"Think of Life as an Adventure" Says Headmaster David Trower

At the first Wednesday Morning Meeting after Spring Break, 9th Grader Akanimo Umanah '17 served as master of ceremonies. He introduced the various presenters, including School Pianist Aleeza Meir, who played "Impromptu in G flat major" by Franz Schubert, and Music Head Michelle Demko, who led Middle and Upper School boys in singing "The Bare Necessities," one of their favorites.

Then Akanimo introduced Mr. Trower, who said it was a pleasure to be able to welcome everyone back after the break and to see so many happy, engaged faces.
Mr. Trower reminded the audience that April’s "word of the month" is creative—or as the Allen-Stevenson Code states, At Allen-Stevenson we inspire boys to become creative. He thanked Ms. Meir for her sensitive interpretation of the Schubert piece, one of his favorites, and explained why he considered her rendition so creative.  
Mr. Trower emphasized that becoming creative is a process everyone is capable of. Using a photograph that had been cleverly adapted in Photoshop, he showed how creativity sometimes comes from using familiar images to make the viewer look again. He added that the creative process often requires the use of all five senses or a combination of some of them. He also used the clip of an owl to stress that becoming creative starts with paying attention.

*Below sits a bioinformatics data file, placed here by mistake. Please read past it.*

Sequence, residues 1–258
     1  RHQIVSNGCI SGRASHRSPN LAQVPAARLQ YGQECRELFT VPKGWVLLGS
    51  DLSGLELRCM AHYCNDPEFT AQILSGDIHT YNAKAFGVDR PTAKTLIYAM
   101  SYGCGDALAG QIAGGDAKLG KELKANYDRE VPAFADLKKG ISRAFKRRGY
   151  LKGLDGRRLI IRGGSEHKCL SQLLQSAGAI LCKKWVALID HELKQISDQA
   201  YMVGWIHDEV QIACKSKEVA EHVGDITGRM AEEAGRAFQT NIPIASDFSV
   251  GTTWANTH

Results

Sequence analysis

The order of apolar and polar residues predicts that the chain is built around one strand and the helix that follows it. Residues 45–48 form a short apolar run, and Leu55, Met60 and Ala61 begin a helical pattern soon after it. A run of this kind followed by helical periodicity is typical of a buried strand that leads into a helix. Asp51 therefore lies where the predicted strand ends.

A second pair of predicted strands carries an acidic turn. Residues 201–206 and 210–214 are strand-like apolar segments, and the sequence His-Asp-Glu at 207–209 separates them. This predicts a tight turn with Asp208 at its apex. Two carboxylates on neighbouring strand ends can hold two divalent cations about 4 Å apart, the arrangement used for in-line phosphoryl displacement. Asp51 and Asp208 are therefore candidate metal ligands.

Using "The Monkey Business Illusion," a YouTube video clip, Mr. Trower demonstrated that focus on one challenge alone can blind viewers to other activities that may be taking place at the same time. In addition, he used another animated YouTube video clip called "Growth Mindset vs. Fixed Mindset" to explain another key to becoming creative. Originated by Stanford Professor Carol Dweck, the concept of fixed and growth mindsets points to a person’s attitude about facing challenges and recognizing them as opportunities.
The Headmaster also asked his audience how many found the world interesting, and most every boy raised his hand. Mr. Trower then quoted something he once wrote about the School’s approach to educating boys: "At Allen-Stevenson we believe the world is an interesting place and that a good education unlocks its mysteries." He urged the boys to be open-minded and to see life as an adventure, even when it feels hard. 
Mr. Trower concluded by pointing out that all these possibilities can lead to creativity. He said, "Think of educational experiences as added tools to understand the whole world and how things work. Seek out and soak up as many of these tools as you possibly can, and your entire life will be immeasurably enhanced."

Allen-Stevenson’s distinctive “enlightened traditional” approach educates boys to become scholars and gentlemen.